Small businesses are continuing to use Word documents or Excel spreadsheets to keep their passwords despite the inherit risk of compromise.
A study by NordPass reveals 3 out of 7 companies admitted it keeps passwords in Word, Excel, or other plain text documents that were not password protected. Before adopting a company-wide password manager, none of the companies had a unified password-management solution.
One company that NordPass interviewed said it used the same password for everything. Employees are also using their personal password managers with their business passwords. They also admit to sharing passwords with colleagues typically via message, email, a shared document or other unsecure way.
Why is Storing Passwords in Word, Excel Dangerous?
Passwords are simply the first line of defense. Weak, reused, or compromised passwords are frequently responsible for the majority of data breaches, according to NordPass.
Cybercrime, while costly for any company, is extremely damaging for small businesses— 60% of SMBs go out of business within six months of a cyber attack. Yet many companies still choose to operate without a password manager. On average, 59% of businesses use a password manager, according to a study by NordLocker.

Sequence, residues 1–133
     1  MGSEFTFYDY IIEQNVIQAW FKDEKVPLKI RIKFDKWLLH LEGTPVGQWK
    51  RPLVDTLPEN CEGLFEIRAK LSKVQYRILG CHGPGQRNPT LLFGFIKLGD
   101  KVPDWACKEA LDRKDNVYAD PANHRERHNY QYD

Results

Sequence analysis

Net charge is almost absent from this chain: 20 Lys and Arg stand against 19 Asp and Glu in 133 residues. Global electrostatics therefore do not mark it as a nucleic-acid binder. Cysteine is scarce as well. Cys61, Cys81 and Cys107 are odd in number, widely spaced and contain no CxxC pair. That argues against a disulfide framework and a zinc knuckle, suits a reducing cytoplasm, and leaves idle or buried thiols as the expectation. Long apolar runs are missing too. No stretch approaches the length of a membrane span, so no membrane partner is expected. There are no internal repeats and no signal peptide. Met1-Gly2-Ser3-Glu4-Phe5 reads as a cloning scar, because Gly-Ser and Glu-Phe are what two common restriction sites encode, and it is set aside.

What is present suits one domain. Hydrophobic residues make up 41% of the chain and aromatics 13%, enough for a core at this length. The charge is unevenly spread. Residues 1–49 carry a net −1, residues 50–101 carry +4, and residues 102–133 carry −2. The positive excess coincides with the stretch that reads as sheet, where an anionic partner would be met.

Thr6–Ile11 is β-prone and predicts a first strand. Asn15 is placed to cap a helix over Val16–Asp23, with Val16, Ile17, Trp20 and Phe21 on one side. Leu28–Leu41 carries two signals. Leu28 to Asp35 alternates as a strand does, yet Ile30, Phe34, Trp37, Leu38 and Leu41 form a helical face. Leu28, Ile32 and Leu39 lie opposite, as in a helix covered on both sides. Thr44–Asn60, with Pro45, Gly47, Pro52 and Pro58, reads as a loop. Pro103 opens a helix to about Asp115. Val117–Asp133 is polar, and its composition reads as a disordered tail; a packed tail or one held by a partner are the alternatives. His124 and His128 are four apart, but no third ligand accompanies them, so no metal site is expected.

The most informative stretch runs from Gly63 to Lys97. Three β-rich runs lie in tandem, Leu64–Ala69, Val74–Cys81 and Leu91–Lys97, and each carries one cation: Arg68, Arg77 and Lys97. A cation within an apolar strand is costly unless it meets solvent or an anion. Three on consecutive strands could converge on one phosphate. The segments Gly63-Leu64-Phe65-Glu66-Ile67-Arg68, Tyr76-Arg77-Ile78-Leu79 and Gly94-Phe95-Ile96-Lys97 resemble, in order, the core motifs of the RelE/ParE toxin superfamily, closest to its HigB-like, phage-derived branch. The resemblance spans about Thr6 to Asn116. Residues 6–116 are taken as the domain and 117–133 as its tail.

In addition to poor password-keeping practices, research reveals that some of the largest businesses still use easy-to-guess passwords such as “123456” or “password.”
“When it comes to passwords, people are fatigued. No one wants to think of a complex, lengthy password, and, even worse, remember it. It’s best to generate passwords using an online or in-app generator. This way, we make sure that we eliminate uncreative and weak passwords, such as ‘123456,’” says Chad Hammond, a security expert at NordPass.
Organizations can leverage single sign-on (SSO) and password synchronization. With SSO, employees are less likely to revert to bad password practices, such as creating common passwords or writing them down.